US accuses Pakistan of playing double game on fighting terrorism
Pakistan has been playing a "double game" for years on fighting terrorism, the US has said and made it clear that Islamabad will have to "earn" American aid worth millions of dollars by taking decisive action against militants operating from its soil
Washington/United Nations: Pakistan has been playing a "double game" for years on fighting terrorism, the US has said and made it clear that Islamabad will have to "earn" American aid worth millions of dollars by taking decisive action against militants operating from its soil.
The tough message from the US came after an angry tweet from President Donald Trump on New Year's day that America had been rewarded with "nothing but lies and deceit" by Pakistan in return for its over USD 33 billion aid in the last 15 years.
Soon after the president's tweet, the White House confirmed that the US had suspended its USD 255 million
military aid to Pakistan.
US Ambassador to the UN Nikki Haley defended Trump's decision to block aid to Pakistan and said, "There are clear reasons for this. Pakistan has played a double game for years."
"They (Pakistanis) work with us at times, and they also harbour the terrorists that attack our troops in Afghanistan. That game is not acceptable to this administration," Haley told reporters at the UN headquarters in New York yesterday.
The Trump administration expects far more cooperation from Pakistan in the fight against terrorism, she said.
"Trump is willing to go to great lengths to stop all funding for Pakistan as they continue to harbour and support terrorism," Haley said.
The Indian-American diplomat said the aid issue was connected solely to Pakistan's harbouring of terrorists.
State Department Spokesperson Heather Nauert, speaking at her daily news conference, described Pakistan as an "important partner" and said Islamabad must do more to combat terrorism.
"The United States expects Pakistan to take decisive action against the Haqqani Network and other militants who are operating from its soil," said Nauert. "Pakistan is an important partner. We have a lot of issues in that region. Pakistan knows that, we all know that, and we try to work carefully together on some of those issues.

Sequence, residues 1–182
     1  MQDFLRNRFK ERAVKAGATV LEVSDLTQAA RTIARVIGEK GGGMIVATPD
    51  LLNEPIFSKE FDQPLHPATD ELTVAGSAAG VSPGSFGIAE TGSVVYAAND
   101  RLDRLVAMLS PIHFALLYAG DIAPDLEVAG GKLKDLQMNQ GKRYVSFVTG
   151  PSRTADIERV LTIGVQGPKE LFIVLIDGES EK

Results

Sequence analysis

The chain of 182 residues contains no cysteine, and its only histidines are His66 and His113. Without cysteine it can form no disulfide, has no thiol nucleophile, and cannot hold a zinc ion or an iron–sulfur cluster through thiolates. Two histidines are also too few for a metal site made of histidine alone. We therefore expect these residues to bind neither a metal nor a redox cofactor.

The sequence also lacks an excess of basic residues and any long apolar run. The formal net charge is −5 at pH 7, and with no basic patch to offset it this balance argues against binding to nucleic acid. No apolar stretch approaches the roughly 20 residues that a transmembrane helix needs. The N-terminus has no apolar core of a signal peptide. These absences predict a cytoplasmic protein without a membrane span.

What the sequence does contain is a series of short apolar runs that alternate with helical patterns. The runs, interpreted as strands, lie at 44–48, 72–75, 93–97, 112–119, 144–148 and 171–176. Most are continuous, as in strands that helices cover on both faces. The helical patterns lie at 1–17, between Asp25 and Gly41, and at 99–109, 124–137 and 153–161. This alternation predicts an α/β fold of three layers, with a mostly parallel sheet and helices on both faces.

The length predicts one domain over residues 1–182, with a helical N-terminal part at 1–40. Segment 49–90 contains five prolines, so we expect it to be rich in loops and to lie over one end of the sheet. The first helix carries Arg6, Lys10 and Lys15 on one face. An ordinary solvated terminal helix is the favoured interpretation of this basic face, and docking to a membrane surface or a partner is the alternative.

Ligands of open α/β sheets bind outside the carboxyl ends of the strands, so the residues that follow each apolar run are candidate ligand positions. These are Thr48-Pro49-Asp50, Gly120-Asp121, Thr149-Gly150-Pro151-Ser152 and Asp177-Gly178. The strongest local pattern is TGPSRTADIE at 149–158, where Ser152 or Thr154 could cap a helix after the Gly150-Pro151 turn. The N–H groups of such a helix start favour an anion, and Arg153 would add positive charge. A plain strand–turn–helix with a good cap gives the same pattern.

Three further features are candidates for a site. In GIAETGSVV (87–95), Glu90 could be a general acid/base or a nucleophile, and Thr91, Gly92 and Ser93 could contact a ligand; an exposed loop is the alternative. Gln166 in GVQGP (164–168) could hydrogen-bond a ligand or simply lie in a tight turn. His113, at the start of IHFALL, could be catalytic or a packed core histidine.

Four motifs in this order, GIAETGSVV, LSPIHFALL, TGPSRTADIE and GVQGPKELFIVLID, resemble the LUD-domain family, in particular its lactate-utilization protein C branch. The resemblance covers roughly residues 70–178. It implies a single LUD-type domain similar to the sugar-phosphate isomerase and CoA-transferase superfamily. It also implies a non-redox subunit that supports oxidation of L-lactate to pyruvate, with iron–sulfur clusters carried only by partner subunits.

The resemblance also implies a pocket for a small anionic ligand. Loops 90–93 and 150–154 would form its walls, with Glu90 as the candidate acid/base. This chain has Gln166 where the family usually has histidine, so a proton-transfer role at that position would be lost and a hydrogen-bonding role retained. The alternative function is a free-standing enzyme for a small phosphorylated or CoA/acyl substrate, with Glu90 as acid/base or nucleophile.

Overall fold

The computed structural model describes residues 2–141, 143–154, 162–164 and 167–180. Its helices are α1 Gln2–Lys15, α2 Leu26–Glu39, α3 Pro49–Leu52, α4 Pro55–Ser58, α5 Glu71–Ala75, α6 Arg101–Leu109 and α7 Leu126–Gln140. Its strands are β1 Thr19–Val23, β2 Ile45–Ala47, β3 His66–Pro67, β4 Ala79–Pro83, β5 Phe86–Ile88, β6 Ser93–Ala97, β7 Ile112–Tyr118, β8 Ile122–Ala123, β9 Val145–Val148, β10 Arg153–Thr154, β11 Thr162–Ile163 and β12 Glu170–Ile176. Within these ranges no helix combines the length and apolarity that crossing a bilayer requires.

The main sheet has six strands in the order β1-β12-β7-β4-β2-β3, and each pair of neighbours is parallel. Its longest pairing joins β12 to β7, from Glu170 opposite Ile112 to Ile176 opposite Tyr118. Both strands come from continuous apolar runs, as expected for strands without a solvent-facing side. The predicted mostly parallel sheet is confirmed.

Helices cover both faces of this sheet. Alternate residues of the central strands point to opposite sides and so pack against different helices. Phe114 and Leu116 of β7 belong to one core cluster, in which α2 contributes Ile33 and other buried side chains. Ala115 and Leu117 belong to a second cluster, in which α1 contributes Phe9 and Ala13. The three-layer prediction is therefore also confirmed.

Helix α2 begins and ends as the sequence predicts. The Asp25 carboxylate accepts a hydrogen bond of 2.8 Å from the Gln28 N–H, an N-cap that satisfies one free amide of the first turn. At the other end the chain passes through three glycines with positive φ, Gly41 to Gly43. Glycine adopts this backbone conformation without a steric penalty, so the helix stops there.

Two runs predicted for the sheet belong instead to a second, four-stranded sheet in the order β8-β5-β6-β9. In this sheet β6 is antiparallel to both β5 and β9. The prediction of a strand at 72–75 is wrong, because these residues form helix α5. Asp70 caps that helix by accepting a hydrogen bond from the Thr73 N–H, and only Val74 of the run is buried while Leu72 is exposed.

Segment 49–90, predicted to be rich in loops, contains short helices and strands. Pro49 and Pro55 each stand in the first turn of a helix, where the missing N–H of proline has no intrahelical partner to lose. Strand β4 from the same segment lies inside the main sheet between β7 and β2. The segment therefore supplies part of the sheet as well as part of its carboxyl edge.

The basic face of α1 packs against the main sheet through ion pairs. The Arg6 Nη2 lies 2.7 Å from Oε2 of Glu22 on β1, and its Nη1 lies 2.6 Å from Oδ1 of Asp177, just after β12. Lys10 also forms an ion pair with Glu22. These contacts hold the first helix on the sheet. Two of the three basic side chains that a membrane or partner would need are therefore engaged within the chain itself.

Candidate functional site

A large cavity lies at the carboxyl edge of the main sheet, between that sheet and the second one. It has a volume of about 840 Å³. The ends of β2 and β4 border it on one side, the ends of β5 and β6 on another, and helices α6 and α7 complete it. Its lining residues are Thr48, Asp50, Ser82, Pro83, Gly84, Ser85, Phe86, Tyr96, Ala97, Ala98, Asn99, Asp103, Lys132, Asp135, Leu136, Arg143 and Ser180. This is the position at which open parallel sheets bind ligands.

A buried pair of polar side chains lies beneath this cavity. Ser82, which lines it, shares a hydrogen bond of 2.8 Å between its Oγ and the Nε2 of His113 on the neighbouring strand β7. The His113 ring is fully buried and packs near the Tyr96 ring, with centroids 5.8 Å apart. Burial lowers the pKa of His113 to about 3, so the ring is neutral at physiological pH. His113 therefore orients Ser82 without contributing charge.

I don't want to say that Pakistan can do more, but Pakistan knows what it needs to do," she said. Speaking about the US' decision to withhold USD 255 million military aid to Pakistan, Nauert said the decision was
taken in August and Pakistan would need to "earn" such assistance through sincere action.
"They need to earn, essentially, the money that we have provided in the past in foreign military assistance, they need to show that they are sincere in their efforts to crack down on terrorists," she said. Nauert said Secretary of State Rex Tillerson and Defence Secretary Jim Mattis, who visited Pakistan in the last couple of months, had conveyed the same message to the country's leadership.
The White House also defended Trump and asked Pakistan to do more to combat terrorism. "We know that Pakistan can do more to fight and stop terrorism and we want them to step up and do that. That seems pretty simple," White House Press Secretary Sarah Sanders told reporters in Washington.
Sanders said Pakistan had failed to fulfil its obligations in the fight against terrorism. "The president outlined a new strategy for Afghanistan and South Asia earlier this past year, in August. And at that time, he laid out and said that Pakistan is not fulfilling its obligations," said Sanders.
Trump in August announced his new South Asia policy and accused Pakistan of harbouring terrorists. "The president is simply following through on a commitment that he made, because this is a president who does what he says he's going to do," she said.
Pakistan yesterday expressed "deep disappointment" over Trump's allegations, saying the accusations strike with "great insensitivity" at the "trust" between the two countries. Pakistan's Foreign Minister Khawaja Asif in a tweet challenged Trump's claim that the US has given Pakistan more than USD 33 billion dollars as aid over the last 15 years, saying verification by an audit firm would prove the US president wrong.
Pakistan also summoned the US Ambassador David Hale to register its protest after president Trump's tweet.
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